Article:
Hello friends and family of the Sharing Gardens - though we've had two brief snow storms since our last update, each accumulating about 2" of the white stuff, spring is definitely in the air! Temperatures are consistently reaching the low-to mid-50's in the day and rarely dipping much below freezing at night. Soon we'll turn the water back on to the garden spigots and give our two main greenhouses a thorough soaking, including the paths, and begin the cycle again of generating compost right in our paths! (LINK-How we grow...Veganic Community-based gardening
Before we give you our latest garden-related links, you might enjoy watching this short video of a joyous, sweet song performed by the Masaka Kids Afrikana - I Look to You-LINK. Guaranteed to make you smile!
|Early spring snow, soaking the ground.|
In our planting zone (Willamette Valley, Oregon, USDA zone 7b), early March is a time of completing the pruning of fruit and nut trees
and the pruning and care of other perennials (before warmer temps cause the sap to begin to rise). We continue to start seedlings
both on heat-mats, and directly in the raised-beds in our greenhouses.Here are our most recent garden-related posts:Growing your own celery is not difficult
, it just takes a lot of time to get the celery plants started! (Their roots are very slow to develop). But once they do you can have cut-and-come-again celery
that extends through the main growing season, and in a greenhouse, right through to mid-winter! LINK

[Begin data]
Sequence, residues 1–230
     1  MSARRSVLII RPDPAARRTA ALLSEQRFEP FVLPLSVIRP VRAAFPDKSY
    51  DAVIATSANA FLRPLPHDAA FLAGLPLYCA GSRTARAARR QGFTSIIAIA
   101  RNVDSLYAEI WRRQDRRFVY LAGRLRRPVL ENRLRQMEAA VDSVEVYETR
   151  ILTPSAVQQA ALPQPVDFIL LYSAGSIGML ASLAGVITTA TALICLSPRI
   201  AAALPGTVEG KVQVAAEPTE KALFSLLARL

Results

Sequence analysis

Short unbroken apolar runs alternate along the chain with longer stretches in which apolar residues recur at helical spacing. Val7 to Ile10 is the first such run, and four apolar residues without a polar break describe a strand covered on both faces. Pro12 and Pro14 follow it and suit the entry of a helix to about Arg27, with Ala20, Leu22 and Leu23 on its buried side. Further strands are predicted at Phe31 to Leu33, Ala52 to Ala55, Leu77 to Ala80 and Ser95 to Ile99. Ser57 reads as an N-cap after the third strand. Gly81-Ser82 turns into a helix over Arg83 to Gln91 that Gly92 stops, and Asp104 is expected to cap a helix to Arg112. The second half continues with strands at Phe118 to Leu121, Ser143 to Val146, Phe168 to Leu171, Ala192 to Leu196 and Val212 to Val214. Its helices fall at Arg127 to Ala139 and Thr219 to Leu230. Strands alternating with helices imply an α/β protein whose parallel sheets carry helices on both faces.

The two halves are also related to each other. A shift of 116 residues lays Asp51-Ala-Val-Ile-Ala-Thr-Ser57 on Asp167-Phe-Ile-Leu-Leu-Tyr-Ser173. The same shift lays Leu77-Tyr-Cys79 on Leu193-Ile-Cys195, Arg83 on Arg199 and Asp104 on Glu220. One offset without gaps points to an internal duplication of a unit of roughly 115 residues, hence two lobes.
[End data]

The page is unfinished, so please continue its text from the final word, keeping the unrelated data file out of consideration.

Growing Lettuce from seed (with general tips about starting seedlings at home).
Great news for the Monarch butterflies in southern California! After a nerve-wrackingly low winter count of nesting Monarchs in 2021 (only 2,000), they seem to be bouncing back! (250,000 in 2022 and 335,479 in 2023). Even if you live too far north to help the Monarchs (there are no consistent sightings north of Portland Oregon), planting milkweed will still benefit other pollinators. They are gorgeous, stately plants and smell divine! Here's how to grow milkweeds: LINK.
|Adri and Kaylynn holding up Showy Milkweed seedlings they helped grow.|
In our last newsletter, we included a link to a video about a small town in NZ that came together during the lock-downs to collectively make sure all its members stayed fed with healthy food by
, among other things, working as volunteers to create and maintain garden-plots for single-parent/low-income families.
Any food that the families couldn't eat themselves was harvested and prepared into healthy meals at a small cafe/community-center. This hub of community
also became the site for craft-projects and the sharing of practical life-skills such as sewing and simple carpentry to create useful products sold to raise money for the project to continue. We've received numerous appreciative comments for sharing the link. So, in case you missed the LINK in our last newsletter, here it is again.
And, in case this newsletter was forwarded by a friend, or you've just stumbled on our website for the first time and you would like to be added to our list to receive future newsletters, send us an email at the Sharing Gardens: shareinjoy AT gmail.com "Bee" well! Chris and Llyn
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